Friday, 2 April 2021

The Lamb who Comes

Preached at Croydon Minster on Maundy Thursday: Exodus 12.1-4, 11-14; 1 Corinthians 11.23-26; John 13.1-17,31b-35

Now before the festival of the Passover, Jesus knew that his hour had come to depart from this world and go to the Father. Having loved his own who were in the world, he loved them to the end. (John 13.1)




The Christian Gospel is a proclamation, that is to be lived out day by day, of liberation from all that enslaves, obscures our vision and restricts our lives.


The purpose of this Gospel is that we are free to gain clarity of sight and to be alive to the ways and purposes of God so that, in Christ, we are delivered into the very heart of God.


That is the golden thread that runs through, and holds together, tonight, Good Friday and Easter.


This is the Passover of the Lord; the Paschal Mystery.


To this day – in fact this week - God’s first-chosen people the Jews, annually celebrate Pesach - the Passover. They celebrate Israel’s long, hard liberation from Egypt, with its false starts and trials, its bitter herbs and laments, as a pattern of all liberation and God’s enduring relationship with them through the observance of Torah.


For Christians we find that the symbols and promise of the Passover is fulfilled and made known in Christ, who now opens to all nations what Israel has already tasted and anticipates.


This we taste and see as we celebrate the Eucharist. This was handed on to St Paul and it is handed on in turn to us.


The Eucharist has echoes of Passover: unleavened bread; wine; remembrance; blood; accounts of God’s liberating love in the scriptures.


The one thing apparently missing is a Passover lamb. In Genesis Isaac asks Abraham, ‘where is the lamb for the sacrifice?’ To which Abraham replies, ‘God himself will provide the lamb for the sacrifice, my son’ (Genesis 22.7,8).


God has provided. As John the Baptist declares on seeing Jesus: ‘Behold, look, see: the Lamb of God’ (John 1.29).


In the scriptures the Lamb is the sacrificial offering which makes right Israel’s relationship with God. In the Eucharist, given to us by Christ at the Last Supper – on the night that he was betrayed – he takes the place of the Lamb: he is the victim and he is the priest who makes the offering.


The whole cosmos, the created order, our lives: all is God’s gift, God’s offering. In Christ, God is the offerer and the offering.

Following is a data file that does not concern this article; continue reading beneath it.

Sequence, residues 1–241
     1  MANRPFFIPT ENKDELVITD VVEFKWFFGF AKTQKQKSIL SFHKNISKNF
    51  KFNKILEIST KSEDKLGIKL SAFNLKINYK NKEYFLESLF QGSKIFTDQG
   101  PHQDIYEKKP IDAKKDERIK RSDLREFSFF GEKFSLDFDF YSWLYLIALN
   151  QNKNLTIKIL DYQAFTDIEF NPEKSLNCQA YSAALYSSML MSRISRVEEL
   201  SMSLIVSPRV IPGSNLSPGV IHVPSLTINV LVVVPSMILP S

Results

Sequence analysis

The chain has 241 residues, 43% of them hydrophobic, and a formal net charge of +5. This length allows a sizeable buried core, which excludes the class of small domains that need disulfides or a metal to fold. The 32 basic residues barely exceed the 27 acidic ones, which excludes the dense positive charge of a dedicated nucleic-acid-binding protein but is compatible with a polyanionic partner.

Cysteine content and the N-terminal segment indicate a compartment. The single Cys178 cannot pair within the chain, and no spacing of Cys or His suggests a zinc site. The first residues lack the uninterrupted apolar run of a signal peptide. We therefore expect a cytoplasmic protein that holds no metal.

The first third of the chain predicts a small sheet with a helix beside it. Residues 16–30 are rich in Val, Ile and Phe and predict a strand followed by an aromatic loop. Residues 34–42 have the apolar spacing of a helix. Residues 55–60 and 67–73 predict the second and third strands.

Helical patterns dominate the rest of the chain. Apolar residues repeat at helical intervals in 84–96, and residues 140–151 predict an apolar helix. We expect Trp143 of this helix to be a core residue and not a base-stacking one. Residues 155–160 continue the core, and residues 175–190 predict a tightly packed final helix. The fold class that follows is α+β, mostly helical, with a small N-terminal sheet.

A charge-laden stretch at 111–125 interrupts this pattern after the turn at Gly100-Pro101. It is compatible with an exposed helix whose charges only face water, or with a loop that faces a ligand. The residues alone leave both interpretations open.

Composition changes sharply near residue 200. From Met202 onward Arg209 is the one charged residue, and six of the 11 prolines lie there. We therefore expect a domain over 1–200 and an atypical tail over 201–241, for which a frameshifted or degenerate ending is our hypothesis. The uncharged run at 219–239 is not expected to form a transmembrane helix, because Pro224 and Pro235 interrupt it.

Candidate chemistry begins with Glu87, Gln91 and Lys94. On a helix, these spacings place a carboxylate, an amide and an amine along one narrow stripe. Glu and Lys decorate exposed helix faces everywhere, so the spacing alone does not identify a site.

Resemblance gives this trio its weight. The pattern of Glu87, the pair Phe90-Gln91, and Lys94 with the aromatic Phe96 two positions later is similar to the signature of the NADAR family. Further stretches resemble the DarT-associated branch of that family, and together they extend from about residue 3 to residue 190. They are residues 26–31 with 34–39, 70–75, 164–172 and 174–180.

This cosmic reality has a divine and human face. It is the face of the kneeling Jesus who looks up from the feet of his disciples into their eyes and says, you can have no part in me, no part in my mission and life, if you do not let me serve you.


What an extraordinary thing! Christ asks no more of the disciples than that they should allow him to serve them, so that they in turn might serve him in one another, and love as he loves us: the New Commandment.


As our gospel reading began:


Now before the festival of the Passover, Jesus knew that his hour had come to depart from this world and go to the Father. Having loved his own who were in the world, he loved them to the end. (John 13.1)


‘Love to the end’ is what the liberating Gospel is. Hence the traditional Maundy Thursday anthem at the washing of feet: Ubi caritas et amor Deus ibi est ‘Where charity and love is found, there is God’.


Christ, in the form of God and form of man, takes the form of a slave, humbles himself and is obedient to the point of death, even death on a cross (Philippians 2.6,7,8).


Isaac had taken wood for the sacrifice of a Lamb; the wood of the cross is the place of sacrifice of the Lamb of God. And that sacrifice is presented to us afresh in the immediacy of broken bread and poured out wine: ‘far as often as you eat this bread and drink the cup, you proclaim the Lord’s death until he comes’ (1 Corinthians 11.26).


This is the foretaste and reality of the banquet of the Lamb, around whose throne all nations gather and to whom salvation belongs. Of this Lamb we read:


the Lamb at the centre of the throne will be their shepherd,

   and he will guide them to springs of the water of life,

and God will wipe away every tear from their eyes.’ (Revelation 7.17)


Tonight from the eyes of Peter and Judas tears of denial and betrayal will flow; tomorrow the tears of Mary, Our Lady of Sorrows, will flow; on Easter morning the tears of Mary Magdalene will obscure her sight of Christ.


Tears are real. Just as Christ washes and wipes feet, our tears too will be wiped away, our sins will be wiped away.


O Lamb of God that takest away the sins of the world: have mercy upon us.


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